Exactly. It’s a marketing gondola. I guess some bean counter said a $20m marketing gondola had an ROI worth it.

I love taking lifts sideways from no where to nowhere. It really helps me not ski. Hopefully there is WiFi in the gondola. So I can instabooksnap all my homies
 

BenedictGomez

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I largely agree it is big marketing fluff.

While I agree they confer a marketing advantage, I disagree in the premise they exist solely for marketing purposes.

I think mountain-connecting lifts are highly functional from a logistics & convenience standpoint (Slidebrook at Sugarbush, Quicksilver at Park City/Canyons). Effectively, they're more than simply ski lifts, they're functionality lifts.
 

kendo

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While I agree they confer a marketing advantage, I disagree in the premise they exist solely for marketing purposes.

I think mountain-connecting lifts are highly functional from a logistics & convenience standpoint (Slidebrook at Sugarbush, Quicksilver at Park City/Canyons). Effectively, they're more than simply ski lifts, they're functionality lifts.

Over Easy at Stowe added a lot of efficiency. 2 minute ride to access either Mansfield or Spruce.


The Squaw - Alpine gondola would be an asset for the residents and guests of the Squaw Village redevelopment. 850+ units with direct access to either resort. Not sure status of project?
 
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BenedictGomez

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Easy Over at Stowe added a lot of efficiency. 2 minute ride to access either Mansfield or Spruce.


That's a great example too.

It was a P.I.T.A. to go between Spruce & Mansfield, waiting on that shuttle back-in-the-day.
 
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Easy Over at Stowe added a lot of efficiency. 2 minute ride to access either Mansfield or Spruce.


The Squaw - Alpine gondola would be an asset for the residents and guests of the Squaw Village redevelopment. 850+ units with direct access to either resort. Not sure status of project?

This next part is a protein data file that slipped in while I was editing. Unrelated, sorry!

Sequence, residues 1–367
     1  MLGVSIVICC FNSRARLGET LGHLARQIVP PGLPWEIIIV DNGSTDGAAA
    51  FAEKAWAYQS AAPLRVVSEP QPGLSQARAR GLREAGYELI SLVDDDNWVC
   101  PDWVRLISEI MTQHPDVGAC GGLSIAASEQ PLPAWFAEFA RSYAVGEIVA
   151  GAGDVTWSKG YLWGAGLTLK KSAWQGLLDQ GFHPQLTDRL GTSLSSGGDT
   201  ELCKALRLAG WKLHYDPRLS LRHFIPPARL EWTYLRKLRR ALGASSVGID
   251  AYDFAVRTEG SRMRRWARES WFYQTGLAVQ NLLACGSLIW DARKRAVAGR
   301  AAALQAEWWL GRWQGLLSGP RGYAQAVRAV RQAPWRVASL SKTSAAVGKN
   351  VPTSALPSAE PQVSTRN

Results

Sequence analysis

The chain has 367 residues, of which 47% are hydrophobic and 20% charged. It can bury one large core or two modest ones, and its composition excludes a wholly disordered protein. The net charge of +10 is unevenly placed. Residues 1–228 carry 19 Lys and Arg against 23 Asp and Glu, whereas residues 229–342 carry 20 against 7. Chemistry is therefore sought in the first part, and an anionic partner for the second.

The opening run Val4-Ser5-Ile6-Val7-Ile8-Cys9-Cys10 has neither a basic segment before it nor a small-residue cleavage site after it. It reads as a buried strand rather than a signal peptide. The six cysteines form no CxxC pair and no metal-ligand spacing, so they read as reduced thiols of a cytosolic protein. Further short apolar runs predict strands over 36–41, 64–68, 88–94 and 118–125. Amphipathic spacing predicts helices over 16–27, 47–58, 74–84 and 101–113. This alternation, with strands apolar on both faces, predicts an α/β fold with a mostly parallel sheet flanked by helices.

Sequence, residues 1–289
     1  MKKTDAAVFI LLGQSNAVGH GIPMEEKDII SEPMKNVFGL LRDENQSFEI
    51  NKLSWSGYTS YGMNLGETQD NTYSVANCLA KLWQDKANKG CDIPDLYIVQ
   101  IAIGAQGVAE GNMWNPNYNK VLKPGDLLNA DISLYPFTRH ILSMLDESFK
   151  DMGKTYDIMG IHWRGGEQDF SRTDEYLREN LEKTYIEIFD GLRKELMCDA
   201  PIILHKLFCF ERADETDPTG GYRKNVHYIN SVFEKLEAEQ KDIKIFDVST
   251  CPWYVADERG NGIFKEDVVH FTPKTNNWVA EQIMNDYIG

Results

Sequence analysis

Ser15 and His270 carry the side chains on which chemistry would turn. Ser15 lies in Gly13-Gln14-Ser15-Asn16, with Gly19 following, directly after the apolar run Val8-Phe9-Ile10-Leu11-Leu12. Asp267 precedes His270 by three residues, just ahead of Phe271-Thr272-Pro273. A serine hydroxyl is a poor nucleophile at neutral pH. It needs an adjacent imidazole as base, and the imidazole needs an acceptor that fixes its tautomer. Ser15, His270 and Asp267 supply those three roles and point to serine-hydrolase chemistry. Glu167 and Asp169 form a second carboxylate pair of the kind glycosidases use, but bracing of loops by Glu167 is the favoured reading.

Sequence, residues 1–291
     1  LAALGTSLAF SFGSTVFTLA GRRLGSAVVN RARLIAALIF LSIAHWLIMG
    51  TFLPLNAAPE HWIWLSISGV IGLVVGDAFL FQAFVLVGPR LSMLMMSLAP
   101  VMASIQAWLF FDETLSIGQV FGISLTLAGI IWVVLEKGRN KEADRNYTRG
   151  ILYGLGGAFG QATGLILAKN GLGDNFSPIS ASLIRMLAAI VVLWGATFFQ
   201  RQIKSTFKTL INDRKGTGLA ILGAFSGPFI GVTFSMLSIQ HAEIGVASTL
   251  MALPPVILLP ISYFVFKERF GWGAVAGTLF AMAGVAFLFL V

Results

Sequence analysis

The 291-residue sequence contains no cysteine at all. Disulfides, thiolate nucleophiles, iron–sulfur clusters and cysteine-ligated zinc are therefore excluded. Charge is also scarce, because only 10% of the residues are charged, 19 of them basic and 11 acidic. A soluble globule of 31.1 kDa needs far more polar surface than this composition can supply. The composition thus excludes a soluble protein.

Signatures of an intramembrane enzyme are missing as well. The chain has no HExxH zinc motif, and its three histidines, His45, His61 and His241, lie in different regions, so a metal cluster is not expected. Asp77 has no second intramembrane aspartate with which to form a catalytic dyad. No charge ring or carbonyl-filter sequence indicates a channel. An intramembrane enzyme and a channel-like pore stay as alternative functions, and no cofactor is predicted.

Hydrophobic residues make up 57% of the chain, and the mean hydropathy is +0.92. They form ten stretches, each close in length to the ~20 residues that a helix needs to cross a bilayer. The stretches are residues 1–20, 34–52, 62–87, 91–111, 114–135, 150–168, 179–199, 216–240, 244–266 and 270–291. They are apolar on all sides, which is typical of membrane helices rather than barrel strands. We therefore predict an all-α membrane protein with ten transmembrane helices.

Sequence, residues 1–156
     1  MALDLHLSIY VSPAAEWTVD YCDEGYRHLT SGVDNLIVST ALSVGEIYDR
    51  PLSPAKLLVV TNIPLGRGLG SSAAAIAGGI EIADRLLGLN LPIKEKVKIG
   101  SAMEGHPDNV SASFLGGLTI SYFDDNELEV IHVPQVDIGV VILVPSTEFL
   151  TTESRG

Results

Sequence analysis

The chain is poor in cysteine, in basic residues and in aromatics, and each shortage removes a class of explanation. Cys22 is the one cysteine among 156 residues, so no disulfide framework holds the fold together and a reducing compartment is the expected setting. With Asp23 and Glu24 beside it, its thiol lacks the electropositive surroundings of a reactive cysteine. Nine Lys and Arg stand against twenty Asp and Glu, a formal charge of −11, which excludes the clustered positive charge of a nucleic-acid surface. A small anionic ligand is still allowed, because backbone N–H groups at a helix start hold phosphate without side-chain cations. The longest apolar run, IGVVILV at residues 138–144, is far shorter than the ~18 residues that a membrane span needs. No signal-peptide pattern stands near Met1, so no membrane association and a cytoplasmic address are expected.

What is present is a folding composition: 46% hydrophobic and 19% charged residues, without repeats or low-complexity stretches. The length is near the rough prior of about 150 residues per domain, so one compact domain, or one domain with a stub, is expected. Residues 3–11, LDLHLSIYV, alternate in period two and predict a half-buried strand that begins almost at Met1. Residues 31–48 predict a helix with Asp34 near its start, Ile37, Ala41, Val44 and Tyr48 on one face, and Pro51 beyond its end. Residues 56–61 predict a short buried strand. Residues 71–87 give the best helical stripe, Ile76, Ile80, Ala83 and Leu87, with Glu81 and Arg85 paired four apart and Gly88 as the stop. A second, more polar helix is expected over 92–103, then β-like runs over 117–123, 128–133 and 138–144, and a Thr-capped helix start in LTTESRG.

Exactly. And it’s going to be great for tourists that have lodging in Squaw. That whole area has major traffic issues and this is really great for that.
 

machski

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I largely agree it is big marketing fluff. But still it's a huge selling point in marketing/advertising and removes question if Squaw-Alpine is truly a unified resort. Apparently they don't think too many people will be using it as the capacity is 1,500pph, compared to the "standard capacity" of a gondola being between 2,400-2,800pph, with some gondolas able to push 3,000pph.
Not quite, it's 1400 guest per hour per direction, so 2800 riders an hour when you add both directions capacity. Most lifts only have one loaded side, this will have both. Need wider spacing to accommodate that.

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thetrailboss

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Again, did they resolve their disputes with the landowner sandwiched between the two resorts--White Wolf? That guy was recently in the San Francisco Chronicle talking about his plans--albeit in the works for many years if not decades--and he said he was not completely sold on the lift crossing his land and if the mid-station would allow skiers to enter/depart from his resort.
 

jaytrem

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Again, did they resolve their disputes with the landowner sandwiched between the two resorts--White Wolf? That guy was recently in the San Francisco Chronicle talking about his plans--albeit in the works for many years if not decades--and he said he was not completely sold on the lift crossing his land and if the mid-station would allow skiers to enter/depart from his resort.

Yes, Troy Caldwell, they came to an agreement quite a while ago. Unless he changed his mind.